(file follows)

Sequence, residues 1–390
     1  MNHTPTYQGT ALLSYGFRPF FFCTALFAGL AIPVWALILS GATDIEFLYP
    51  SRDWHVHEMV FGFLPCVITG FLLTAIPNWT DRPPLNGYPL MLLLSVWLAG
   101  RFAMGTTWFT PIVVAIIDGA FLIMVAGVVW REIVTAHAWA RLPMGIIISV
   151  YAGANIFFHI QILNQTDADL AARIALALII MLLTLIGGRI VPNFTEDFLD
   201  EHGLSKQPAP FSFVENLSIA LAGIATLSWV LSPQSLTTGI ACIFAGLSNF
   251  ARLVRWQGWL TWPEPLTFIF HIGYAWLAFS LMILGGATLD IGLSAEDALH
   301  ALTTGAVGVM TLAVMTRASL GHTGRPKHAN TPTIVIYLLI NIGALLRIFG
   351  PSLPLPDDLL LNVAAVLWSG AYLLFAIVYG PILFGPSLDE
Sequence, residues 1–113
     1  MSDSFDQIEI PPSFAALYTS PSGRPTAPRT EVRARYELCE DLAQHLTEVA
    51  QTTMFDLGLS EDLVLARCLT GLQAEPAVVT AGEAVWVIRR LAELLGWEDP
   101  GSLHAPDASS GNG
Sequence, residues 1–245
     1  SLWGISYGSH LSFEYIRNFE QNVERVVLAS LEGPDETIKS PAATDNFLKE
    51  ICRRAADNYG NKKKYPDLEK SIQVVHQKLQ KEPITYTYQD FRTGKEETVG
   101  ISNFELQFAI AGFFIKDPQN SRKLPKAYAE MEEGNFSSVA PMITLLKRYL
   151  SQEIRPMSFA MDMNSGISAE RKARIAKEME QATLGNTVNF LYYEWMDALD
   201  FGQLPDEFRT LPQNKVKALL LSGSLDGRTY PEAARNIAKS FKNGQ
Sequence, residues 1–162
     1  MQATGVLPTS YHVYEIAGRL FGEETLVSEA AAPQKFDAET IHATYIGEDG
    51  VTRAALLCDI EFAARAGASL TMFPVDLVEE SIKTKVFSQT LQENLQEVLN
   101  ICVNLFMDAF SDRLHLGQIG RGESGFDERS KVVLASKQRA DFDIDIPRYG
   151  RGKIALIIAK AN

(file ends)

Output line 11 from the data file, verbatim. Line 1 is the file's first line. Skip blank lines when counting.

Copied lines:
     1  MSDSFDQIEI PPSFAALYTS PSGRPTAPRT EVRARYELCE DLAQHLTEVA